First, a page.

A hallucination is a false sensory perception that is created by the mind and not actually experienced. Contrary to popular believe, a hallucination does not have to be some outrageous and obvious phenomenon. In fact, what makes a hallucination a hallucination is that it is not obvious at all, not to the person hallucinating. It may not even be obvious to the person who hears about the hallucination secondhand. I always associated hallucinations with schizophrenia and PTSD and assumed they were typically along the lines of “I see spies in my window and they are coming after me.” I didn’t realize that hallucinations could be of real people, of real situations, in every day life. I didn’t realize that hallucinations could be auditory, tactile, even olfactory or gustatory. And I certainly didn’t realize that I was having hallucinations, not for months after I was diagnosed with bipolar disorder.
“I went to the gym, the gym I had gone to for years, at a normal time of day for a normal workout. I went with my brother. I saw my friend’s dad, but I didn’t talk to him, I don’t know why, I just didn’t feel like making conversation. I got on the machine, put my earphones in and started moving. I zoned out.
“Then I zoned back in. My ex-boyfriend had just walked into the gym. I hadn’t seen him in years, so I was quite startled, but I tried to play it cool. I turned away from the entrance and ran a little faster. I couldn’t look like I was slacking off in front of him. I even smiled a little bit, just the corners of my mouth, to soften my look, to make it seem like I was truly enjoying the sweat dripping into my eyeballs.
“I couldn’t help myself; I glanced over in his direction. He was talking to my friend’s dad. How strange. I have no idea how they know each other. How would their lives ever have crossed? Whatever, it’s Arkansas, everyone knows everyone. I’m more confused about how he got into the gym in the first place. It’s a gym owned by a private college that he definitely does not go to. He doesn’t even go to college. Maybe he has a guest pass? All I know is that he is here.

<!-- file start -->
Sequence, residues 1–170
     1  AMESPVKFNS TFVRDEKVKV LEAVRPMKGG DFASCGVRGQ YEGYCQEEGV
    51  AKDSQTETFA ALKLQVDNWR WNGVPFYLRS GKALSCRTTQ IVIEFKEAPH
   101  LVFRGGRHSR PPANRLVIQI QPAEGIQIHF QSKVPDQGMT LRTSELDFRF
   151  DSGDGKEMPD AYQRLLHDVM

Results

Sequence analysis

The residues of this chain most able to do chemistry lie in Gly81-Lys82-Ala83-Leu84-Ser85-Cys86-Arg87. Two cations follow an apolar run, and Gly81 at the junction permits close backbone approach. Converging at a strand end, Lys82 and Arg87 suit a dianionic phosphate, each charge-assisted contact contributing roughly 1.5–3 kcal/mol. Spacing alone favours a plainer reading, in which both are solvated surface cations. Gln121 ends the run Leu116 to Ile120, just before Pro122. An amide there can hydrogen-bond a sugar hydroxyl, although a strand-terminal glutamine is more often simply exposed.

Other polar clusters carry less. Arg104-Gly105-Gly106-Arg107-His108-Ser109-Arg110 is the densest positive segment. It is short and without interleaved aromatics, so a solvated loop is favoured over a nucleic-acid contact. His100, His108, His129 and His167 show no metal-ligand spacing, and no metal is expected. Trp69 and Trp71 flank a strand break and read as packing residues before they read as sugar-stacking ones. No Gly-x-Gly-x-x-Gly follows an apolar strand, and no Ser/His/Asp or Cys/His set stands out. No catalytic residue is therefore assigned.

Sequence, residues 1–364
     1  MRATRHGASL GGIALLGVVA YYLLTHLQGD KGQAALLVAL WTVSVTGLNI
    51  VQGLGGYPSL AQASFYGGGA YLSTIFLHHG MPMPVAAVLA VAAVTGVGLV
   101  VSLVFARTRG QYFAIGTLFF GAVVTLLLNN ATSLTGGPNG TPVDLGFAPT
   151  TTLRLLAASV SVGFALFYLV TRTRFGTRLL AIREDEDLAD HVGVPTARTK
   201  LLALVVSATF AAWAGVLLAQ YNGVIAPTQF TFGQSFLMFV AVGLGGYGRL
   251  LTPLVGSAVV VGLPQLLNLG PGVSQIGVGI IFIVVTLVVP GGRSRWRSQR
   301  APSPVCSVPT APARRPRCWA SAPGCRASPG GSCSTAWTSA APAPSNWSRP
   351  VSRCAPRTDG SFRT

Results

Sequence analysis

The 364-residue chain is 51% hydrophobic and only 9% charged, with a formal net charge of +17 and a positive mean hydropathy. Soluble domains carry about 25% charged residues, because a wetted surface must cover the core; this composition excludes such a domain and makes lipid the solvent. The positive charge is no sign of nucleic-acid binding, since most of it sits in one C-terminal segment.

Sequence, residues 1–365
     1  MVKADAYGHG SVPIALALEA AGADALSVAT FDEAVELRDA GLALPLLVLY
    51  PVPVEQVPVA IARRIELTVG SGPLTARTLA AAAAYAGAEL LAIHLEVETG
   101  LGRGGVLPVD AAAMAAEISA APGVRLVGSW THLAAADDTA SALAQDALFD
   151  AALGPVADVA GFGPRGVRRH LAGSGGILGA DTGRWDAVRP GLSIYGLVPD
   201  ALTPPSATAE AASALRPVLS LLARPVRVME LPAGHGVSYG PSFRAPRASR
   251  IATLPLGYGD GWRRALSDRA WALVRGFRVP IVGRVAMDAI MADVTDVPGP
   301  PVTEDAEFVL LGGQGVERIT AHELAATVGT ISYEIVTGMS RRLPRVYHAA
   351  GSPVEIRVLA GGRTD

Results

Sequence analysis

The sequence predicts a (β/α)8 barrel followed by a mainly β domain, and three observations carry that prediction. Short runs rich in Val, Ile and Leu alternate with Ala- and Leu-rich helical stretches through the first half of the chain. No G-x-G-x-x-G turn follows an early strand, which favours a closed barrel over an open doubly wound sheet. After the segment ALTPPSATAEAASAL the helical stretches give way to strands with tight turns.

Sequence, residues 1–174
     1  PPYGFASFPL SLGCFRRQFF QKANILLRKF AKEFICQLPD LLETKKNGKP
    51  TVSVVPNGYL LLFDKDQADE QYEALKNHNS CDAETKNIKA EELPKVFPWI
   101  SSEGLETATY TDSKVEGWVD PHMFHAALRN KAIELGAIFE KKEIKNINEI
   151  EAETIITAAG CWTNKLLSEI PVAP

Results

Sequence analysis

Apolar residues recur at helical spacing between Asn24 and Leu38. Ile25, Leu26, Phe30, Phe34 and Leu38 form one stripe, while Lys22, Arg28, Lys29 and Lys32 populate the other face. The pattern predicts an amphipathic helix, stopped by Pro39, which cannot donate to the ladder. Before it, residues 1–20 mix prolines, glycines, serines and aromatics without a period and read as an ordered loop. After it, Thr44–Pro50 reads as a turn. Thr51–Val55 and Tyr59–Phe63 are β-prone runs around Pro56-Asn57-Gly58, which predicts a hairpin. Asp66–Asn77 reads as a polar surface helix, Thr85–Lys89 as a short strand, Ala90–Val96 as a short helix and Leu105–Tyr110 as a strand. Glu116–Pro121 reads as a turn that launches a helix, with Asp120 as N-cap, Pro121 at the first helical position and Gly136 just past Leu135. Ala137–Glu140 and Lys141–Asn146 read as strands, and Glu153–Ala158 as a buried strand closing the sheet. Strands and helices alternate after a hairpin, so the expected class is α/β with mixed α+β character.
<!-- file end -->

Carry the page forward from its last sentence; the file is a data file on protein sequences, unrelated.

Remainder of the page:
“I side-eyed him as he walked past the ellipticals to the lifting equipment. I saw him look my way and smile, just the corners of his mouth. I quickly turned away and blushed. I could feel his eyes on me for the rest of my workout. I kind of liked it.
“I finished and walked over to my brother to ask him if he was ready to go home. I waited for my ex to come over to me, but he didn’t. Not surprising. He was probably just as shocked as I was to see him. He probably wanted to play it cool like I wanted to play it cool. So I left.”
As soon as I get home I text all of this to my friend. I tell her I’m just waiting for him to text me, to tell me how shocked he was to see me. It was the craziest thing! I can’t believe he was there! We have both changed so much; it’s been so long.
Minutes turn into an hour, and I still haven’t heard anything. That’s when my friend breaks it to me; she doesn’t think my ex was ever at the gym. He didn’t walk in, didn’t talk to my friend’s dad, didn’t go lift or watch me or smile. He wasn’t there. He was a hallucination. I made him up. My brain made him up.
At first I insist that he was there, that I know he was, that I saw him. But one hour turns into a few hours, and I haven’t heard anything from him. My friend is gentle with me; she knows how scary this must be for me. To create a full grown human being in my brain and watch him walk around and interact with people who probably were actually there. He didn’t look 2-dimensional. He didn’t have a white glow around him. He didn’t look different from any of the other people there. He looked like a real, living, breathing human. He looked like himself. Exactly like himself.
I don’t know how to feel about this. I am sad. I am mad. I am confused. He was there. He was. I swear.
Except he wasn’t.
He was a hallucination. I was hallucinating.